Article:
May 26, 2009
Now that President Obama has named Sonia Sotomayor as his choice for the nation's highest court, he is expected to this week select a "cyber czar" to act as the U.S.'s highest-ranking cyber security official, The Washington Post reports today. The person assuming this newly created position will be responsible for protecting the country's government-run and private computer networks and will likely get a seat on the National Security Council.
Obama announced today that he is folding White House staff focusing on homeland security and counterterrorism into the National Security Council, The Boston Globe reports. The cyber czar will likely report both to the national security adviser and the senior White House economic adviser, a move that would indicate a desire to protect private networks without threatening economic growth, according to the Post, citing anonymous sources.
Apr 17, 2009 | 2
NEW YORK, N.Y. — While computers, the Internet and mobile phones have brought their users a great degree of freedom, they've also had a severe impact on privacy, the distribution of information and security, a panel of computer scientists, law enforcement and journalists said Thursday at a Marconi Society symposium here. (Additional coverage of the April 16 Marconi Society symposium.)
The Internet has changed society dramatically, said Robert Gallager, a Massachusetts Institute of Technology professor of electrical engineering and computer science. "Some of this is healthy, some of this is not," he said at yesterday's conference. The blistering pace at which information is created and disseminated via the Web and mobile devices, "makes our lives more complicated because it's harder to organize the information we receive," he added.
Mar 30, 2009 | 3
Cyber crimes hit record numbers last year, according to a new report (pdf) released today by Internet Crime Complaint Center (IC3). IC3, a partnership between the FBI and the National White Collar Crime Center (a Glen Allen, Va., congressionally funded nonprofit that trains law enforcement on how to investigate financial and cyber crimes), says that in 2008 it received 275,284 complaints (up 33 percent from 2007's total of 206,884) of cyber fraud, computer hacks, spam, child pornography and other online offenses—and that cyber scams costs consumers an estimated $265 million, 10 percent more than the $239.09 million reported lost in 2007.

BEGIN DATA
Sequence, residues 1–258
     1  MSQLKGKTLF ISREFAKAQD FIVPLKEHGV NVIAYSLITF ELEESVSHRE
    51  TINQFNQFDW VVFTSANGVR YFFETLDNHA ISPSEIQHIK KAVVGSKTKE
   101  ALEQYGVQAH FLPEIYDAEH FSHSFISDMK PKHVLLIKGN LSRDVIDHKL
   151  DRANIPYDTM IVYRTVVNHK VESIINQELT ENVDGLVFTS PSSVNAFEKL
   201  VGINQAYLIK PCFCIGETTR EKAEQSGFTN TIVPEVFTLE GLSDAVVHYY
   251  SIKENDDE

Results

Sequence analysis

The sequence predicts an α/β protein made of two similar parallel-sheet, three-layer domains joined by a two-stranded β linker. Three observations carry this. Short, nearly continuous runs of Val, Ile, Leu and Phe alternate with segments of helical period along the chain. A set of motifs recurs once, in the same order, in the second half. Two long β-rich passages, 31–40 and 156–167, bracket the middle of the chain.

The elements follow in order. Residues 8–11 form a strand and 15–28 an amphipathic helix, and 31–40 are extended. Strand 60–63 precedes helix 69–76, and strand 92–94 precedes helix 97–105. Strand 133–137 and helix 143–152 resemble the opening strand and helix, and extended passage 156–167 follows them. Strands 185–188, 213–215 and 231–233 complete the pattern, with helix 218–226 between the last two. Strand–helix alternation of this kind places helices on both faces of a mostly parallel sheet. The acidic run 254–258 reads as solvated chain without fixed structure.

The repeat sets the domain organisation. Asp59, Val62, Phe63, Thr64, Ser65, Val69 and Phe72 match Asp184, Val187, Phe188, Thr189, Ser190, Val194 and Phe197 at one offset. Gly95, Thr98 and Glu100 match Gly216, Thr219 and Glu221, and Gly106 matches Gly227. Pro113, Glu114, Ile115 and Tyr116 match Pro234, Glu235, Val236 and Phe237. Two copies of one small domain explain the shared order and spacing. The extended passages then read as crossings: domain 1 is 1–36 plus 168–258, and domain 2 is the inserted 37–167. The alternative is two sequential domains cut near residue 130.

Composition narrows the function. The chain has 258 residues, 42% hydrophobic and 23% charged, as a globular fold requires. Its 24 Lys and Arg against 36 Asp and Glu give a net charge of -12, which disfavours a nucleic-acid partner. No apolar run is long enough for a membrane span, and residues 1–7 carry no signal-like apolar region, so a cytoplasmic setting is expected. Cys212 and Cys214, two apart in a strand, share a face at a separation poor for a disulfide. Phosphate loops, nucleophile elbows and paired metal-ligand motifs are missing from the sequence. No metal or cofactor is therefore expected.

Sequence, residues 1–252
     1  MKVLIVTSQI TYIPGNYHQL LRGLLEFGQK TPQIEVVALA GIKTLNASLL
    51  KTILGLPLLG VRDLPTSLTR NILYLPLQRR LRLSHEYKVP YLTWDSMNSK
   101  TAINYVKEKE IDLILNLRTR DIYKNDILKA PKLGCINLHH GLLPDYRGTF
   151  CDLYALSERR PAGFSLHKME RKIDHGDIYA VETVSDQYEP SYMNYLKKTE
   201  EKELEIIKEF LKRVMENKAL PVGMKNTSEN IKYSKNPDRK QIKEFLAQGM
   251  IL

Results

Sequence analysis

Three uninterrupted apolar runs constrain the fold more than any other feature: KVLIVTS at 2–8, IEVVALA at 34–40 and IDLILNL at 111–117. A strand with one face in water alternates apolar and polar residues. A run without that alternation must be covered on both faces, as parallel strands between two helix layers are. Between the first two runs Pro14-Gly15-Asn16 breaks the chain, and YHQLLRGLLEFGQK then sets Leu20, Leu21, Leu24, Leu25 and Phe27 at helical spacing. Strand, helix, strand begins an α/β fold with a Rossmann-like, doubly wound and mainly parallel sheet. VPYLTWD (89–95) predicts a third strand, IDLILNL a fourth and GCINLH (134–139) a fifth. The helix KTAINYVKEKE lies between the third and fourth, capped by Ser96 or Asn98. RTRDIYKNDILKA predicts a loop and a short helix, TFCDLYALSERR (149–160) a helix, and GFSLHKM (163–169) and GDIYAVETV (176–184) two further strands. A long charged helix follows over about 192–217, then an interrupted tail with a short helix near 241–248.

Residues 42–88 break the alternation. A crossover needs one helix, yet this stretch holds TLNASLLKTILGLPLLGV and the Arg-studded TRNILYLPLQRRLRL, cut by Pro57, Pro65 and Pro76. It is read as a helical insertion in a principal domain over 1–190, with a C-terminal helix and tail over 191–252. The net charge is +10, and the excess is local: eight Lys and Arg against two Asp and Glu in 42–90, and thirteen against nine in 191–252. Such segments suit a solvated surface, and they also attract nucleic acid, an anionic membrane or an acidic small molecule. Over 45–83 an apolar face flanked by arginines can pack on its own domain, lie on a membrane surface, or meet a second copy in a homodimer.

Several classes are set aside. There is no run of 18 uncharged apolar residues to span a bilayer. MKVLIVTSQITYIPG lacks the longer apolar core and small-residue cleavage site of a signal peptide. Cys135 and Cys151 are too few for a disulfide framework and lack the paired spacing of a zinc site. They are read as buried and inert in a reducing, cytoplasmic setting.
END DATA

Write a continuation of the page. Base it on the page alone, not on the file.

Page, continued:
Online transactions in which either the goods or the payment wasn't received accounted for 33 percent of complaints that the feds received last year (up 32 percent from 2007). Auction fraud (think eBay transactions gone bad) actually dipped from 28.6 percent in 2007 to 25.5 percent last year. Ponzi schemes, computer fraud, and check fraud complaints represented 19.5 percent of all IC3 complaints. Overall, fraud victims reporting average losses of $931 each.
Feb 27, 2009 | 1
"Before these new proposals go into effect," Zuckerberg wrote on the Facebook blog yesterday, "you'll also have the ability to vote for or against proposed changes." He made it clear, however, that while he's open to suggestions, the company will continue to make its own decisions about new features offered on the site. "While these products must be consistent with the Principles and in compliance with the Statement of Rights and Responsibilities," he wrote, "they will not be subject to the notice and comment or voting requirement."
Feb 18, 2009 | 2
Feb 17, 2009 | 3